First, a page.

The optical illusion isn’t an example of tricky image editing: It’s the result of something called the wagon wheel effect. You can observe this in a car wheel accelerating down the highway or in propeller blades lifting up a helicopter. If an object makes enough rotations per second, it can appear to slow down, move backwards, or even stand still.

This is especially apparent on film. Every “moving image” we see on a screen is an illusion caused by the brain filling in the gaps between a sequence of still images. In the case of the timelapse video below, the camera captured the right amount of images, in the right order, to depict the pen as moving more slowly than it did in real life. But unlike the pen, the drawing formed throughout the video isn't subject to the wagon-wheel effect, so it still appears to move at full speed. This difference makes it look like the sketch is drawing itself, no pen required.

Gandy frequently shares behind-the-scenes videos of his mechanical art on his Instagram page. You can check out some of his non-timelapse clips like the one below to better understand how his machines work, then visit his website to browse and purchase the art made by his 'bots.

And if you think his stuff is impressive, make sure to explore some of the incredible art robots have made in the past.

[h/t Gizmodo]

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Tessa Angus
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Surprising Sculptures Made From Fallen Feathers
Kate MccGwire, Orchis, 2012
Kate MccGwire, Orchis, 2012
Tessa Angus

Kate MccGwire is a British sculptor with an unusual medium: feathers. Her surreal, undulating works often take the form of installations—the feathers spilling out of a drain, a stove, a crypt wall—or stand-alone sculptures in which antique bell jars, cabinets, or trunks contain otherworldly shapes.

MccGwire developed her obsession with feathers after moving to a studio barge on the Thames in 2006, as she explains in a video from Crane.tv recently spotlighted by Boing Boing. The barge was near a large shed full of feral pigeons, whose feathers she would spot on her way to work. "I started picking them up and laying them out, collecting them," she remembers. "And after about two weeks I had like 300 feathers." At the time, concerns about bird flu were rife, which made the feathers seem "dangerous as well as beautiful."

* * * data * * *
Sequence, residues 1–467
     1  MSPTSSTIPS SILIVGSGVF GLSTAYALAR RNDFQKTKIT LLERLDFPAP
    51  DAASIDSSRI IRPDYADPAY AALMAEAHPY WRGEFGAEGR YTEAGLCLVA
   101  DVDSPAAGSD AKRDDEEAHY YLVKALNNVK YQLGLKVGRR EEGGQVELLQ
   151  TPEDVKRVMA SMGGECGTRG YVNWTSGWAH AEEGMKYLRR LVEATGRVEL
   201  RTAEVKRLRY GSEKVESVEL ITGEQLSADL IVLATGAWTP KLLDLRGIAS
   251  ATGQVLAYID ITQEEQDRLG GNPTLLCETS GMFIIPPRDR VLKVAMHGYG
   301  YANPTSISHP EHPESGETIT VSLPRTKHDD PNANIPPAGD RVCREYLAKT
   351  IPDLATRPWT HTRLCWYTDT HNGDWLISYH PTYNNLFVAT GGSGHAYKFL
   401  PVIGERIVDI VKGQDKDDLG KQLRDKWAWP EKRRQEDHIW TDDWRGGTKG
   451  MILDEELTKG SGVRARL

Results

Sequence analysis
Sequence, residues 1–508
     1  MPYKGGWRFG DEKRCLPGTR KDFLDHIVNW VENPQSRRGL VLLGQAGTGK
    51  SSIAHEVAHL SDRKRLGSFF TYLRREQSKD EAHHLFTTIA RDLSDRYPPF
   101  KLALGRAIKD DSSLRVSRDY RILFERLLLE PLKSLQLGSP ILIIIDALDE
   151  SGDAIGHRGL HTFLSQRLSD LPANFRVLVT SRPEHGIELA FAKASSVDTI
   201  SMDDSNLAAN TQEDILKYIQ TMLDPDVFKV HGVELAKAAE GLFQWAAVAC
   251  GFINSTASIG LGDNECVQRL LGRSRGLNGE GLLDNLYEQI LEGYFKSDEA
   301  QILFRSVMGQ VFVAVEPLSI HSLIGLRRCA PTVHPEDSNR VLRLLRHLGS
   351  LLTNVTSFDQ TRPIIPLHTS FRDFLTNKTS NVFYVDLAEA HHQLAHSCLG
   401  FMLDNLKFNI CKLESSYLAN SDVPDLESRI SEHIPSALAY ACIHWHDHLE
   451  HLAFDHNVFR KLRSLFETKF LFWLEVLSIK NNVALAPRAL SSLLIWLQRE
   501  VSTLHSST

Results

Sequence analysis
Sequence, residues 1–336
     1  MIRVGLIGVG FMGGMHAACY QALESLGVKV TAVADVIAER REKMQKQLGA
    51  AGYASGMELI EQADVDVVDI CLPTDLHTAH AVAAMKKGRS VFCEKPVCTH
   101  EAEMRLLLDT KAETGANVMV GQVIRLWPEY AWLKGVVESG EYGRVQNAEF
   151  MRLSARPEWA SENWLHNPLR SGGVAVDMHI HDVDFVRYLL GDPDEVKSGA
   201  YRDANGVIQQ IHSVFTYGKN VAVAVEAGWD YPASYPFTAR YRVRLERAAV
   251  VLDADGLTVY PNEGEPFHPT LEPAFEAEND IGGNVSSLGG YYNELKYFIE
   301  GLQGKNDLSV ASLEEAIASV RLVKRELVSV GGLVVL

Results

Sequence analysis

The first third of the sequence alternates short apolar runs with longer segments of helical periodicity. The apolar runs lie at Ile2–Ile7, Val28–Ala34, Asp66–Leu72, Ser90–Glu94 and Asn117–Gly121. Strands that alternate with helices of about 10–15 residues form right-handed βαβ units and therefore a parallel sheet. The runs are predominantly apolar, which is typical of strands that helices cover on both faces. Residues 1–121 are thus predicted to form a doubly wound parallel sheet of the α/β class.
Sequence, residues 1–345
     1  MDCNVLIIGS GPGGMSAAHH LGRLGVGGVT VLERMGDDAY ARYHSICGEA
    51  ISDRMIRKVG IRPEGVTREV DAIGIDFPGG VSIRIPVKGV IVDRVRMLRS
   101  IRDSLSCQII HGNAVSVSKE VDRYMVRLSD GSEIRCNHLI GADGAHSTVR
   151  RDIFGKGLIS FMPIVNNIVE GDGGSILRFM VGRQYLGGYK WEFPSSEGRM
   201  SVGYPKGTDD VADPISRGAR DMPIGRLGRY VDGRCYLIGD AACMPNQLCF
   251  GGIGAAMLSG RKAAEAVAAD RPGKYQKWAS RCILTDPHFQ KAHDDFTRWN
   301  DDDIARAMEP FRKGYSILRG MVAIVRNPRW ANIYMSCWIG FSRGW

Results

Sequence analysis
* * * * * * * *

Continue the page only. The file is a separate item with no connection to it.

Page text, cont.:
When not supplied by her own next-door menagerie, the feathers for her artwork come from a network of racing pigeon societies all over the UK, who send her envelopes full every time the birds molt. Farmers and gamekeepers also send her fallen feathers from birds such as magpies, pheasants, and roosters.

The cultural associations around birds are a big part of what inspires MccGwire. “The dove is the symbol of peace, purity, and fertility," she told ArtNews in 2013, "but it’s exactly the same species as a pigeon—which everyone regards as being dirty, foul, a pest.”

The same duality is present in her own work, which she frequently shares on her Instagram account. “I want to seduce by what I do—but revolt in equal measure. It’s really important to me that you’ve got that rejection of things you think you know for sure.”

You can see some pictures of MccGwire's work, and watch the video from Crane.tv, below.

Kate MccGwire's installation "Evacuate"
Evacuate, 2010
J Wilde

Kate MccGwire's sculpture "Convolous"
Convolous, 2015
JP Bland

Kate MccGwire's installation "Gyre"
Gyre, 2012
Tessa Angus

Kate MccGwire's sculpture "Gag"
Gag, 2009
JP Bland

Kate MccGwire's sculpture "Writhe"
Writhe, 2010
Tessa Angus

Kate MccGwire's sculpture "Quell"
Quell, 2011
Tessa Angus

Kate MccGwire's sculpture "Taunt"
Taunt, 2012
Tessa Angus